The 'professional' means that there is more than 2 people and you use this to send messages between any two of them. You now have to create your key management / sheet management so that encryption sheets don't get compromised.

  1. Make a list of people who want to encrypt messages with our sheets and note who will want to talk to who.
  2. Estimate how many messages each pair will send in a month (or other suitable time interval) and write it all down.

Note: each message requires one sheet and it is a good idea to have a small stock of sheets (too large a stock increases the danger of someone else making a copy and decrypting your messages).

  • If you use a web browser to print sheets - switch your web browser to privacy mode so that no copies of sheets remains on your computer.
  • Print as many sheets as you need and close the browser when finished.
  • On each sheet, name who will keep the decrypting part of the sheet (1) and who will be encrypting (2).
  • Write the date after which the sheet should not be used (0).
  • Cut the sheet into two - the upper part goes to the sender, the lower part goes to the receiver (as you've just written on the sheet). Ideally, all steps up to now happen when senders and receivers are present.

Sending

  1. Write the message in the top row of empty boxes - maximum is 50 characters - skip spaces or replace them with 'X's;
  2. For each character, find it in the column beneath it on the left, and write the character next to it into the box at the bottom of the column;
  3. Destroy everything above the line "CUT HERE - DESTROY UPPER PART"; and
  4. Send the remaining piece to the recipient directly or type it into an SMS or email together with 5 letters of the sheet code.

Receiving

  1. Find the sheet with the sheet code as received with the message.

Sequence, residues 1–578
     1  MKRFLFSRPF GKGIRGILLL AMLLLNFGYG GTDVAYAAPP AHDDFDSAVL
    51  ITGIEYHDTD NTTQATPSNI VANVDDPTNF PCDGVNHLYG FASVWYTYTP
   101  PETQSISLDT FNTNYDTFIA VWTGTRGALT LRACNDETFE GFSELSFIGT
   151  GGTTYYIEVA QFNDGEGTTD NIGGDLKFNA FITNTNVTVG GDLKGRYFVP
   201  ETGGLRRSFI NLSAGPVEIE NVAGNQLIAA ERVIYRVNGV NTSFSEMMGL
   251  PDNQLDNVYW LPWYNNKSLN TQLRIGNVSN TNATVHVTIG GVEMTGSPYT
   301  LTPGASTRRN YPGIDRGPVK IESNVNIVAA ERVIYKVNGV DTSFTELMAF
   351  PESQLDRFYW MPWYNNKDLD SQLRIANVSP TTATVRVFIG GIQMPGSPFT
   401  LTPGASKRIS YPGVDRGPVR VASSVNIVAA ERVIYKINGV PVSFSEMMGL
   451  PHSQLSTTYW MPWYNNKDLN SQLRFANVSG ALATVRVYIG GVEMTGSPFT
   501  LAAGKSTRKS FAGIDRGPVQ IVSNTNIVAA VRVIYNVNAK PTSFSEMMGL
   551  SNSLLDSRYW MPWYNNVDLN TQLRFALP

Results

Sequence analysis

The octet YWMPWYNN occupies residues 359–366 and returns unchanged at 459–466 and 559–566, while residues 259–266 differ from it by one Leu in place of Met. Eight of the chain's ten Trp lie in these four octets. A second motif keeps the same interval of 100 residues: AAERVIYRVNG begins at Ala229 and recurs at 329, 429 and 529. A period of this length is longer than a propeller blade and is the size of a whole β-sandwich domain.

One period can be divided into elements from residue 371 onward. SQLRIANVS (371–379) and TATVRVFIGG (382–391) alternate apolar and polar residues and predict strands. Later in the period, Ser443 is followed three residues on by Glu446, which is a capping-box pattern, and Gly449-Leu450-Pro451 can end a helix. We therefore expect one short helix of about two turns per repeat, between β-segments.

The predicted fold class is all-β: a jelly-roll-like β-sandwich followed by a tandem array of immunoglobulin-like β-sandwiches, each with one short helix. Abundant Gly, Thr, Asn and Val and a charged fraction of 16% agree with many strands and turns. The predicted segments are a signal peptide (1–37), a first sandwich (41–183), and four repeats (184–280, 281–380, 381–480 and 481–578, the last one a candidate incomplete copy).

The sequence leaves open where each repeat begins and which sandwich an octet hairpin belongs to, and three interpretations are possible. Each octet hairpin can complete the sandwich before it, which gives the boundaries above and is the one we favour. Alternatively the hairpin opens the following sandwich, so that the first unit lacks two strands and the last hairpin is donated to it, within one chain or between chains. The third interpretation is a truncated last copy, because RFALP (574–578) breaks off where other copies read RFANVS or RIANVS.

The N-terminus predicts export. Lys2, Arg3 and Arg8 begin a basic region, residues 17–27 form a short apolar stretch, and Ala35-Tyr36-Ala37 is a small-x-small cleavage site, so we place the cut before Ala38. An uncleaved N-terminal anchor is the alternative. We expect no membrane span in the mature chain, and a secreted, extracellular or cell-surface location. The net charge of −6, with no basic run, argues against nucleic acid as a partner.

2. Write received message in the top line of boxes;
  3. For each box, find its letter in the left-hand column beneath it and write the character next to it in the box at the bottom;
  4. When you've read the message (spaces are missing or replaced with 'X's) destroy the whole sheet.

Compromise Response - "Disaster Recovery (DR) Plan"

  1. If you have a suspicion that some sheets have been compromised, senders and recipients must destroy all of their unused copies.

Management of sheets

  1. Define maximum time for keeping printed sheets and destroy them if you do not use them by then.
  2. You can define further rules for keeping sheets safe and for their destruction in particular circumstances.

Security Caveat

The unconditional security depends on true randomness of encryption sheets. At the moment, this is ensured by the fact that the generation algorithm is on our server and we make sure that everything is erased when a new encryption sheet is downloaded.

This however can be improved by:

  • using secure hardware, moving server abroad, ... Let us know if you are interested in a hardened version; or
  • generate sheets in Javascript on your computer instead on our server - we may do a Javascript version if we feel idle.

 

-----

Website certificate expiration is easily forgotten—causing costly downtime, our expert service monitors your certificates automatically and renews them on time, and correctly, so you can start every day with confidence.

While you're here, why don't you have a look at our KeyChest HTTPS expiry management and test your domain for free?

Try Instant domain audit Now

Tags: security

Dan

Written by Dan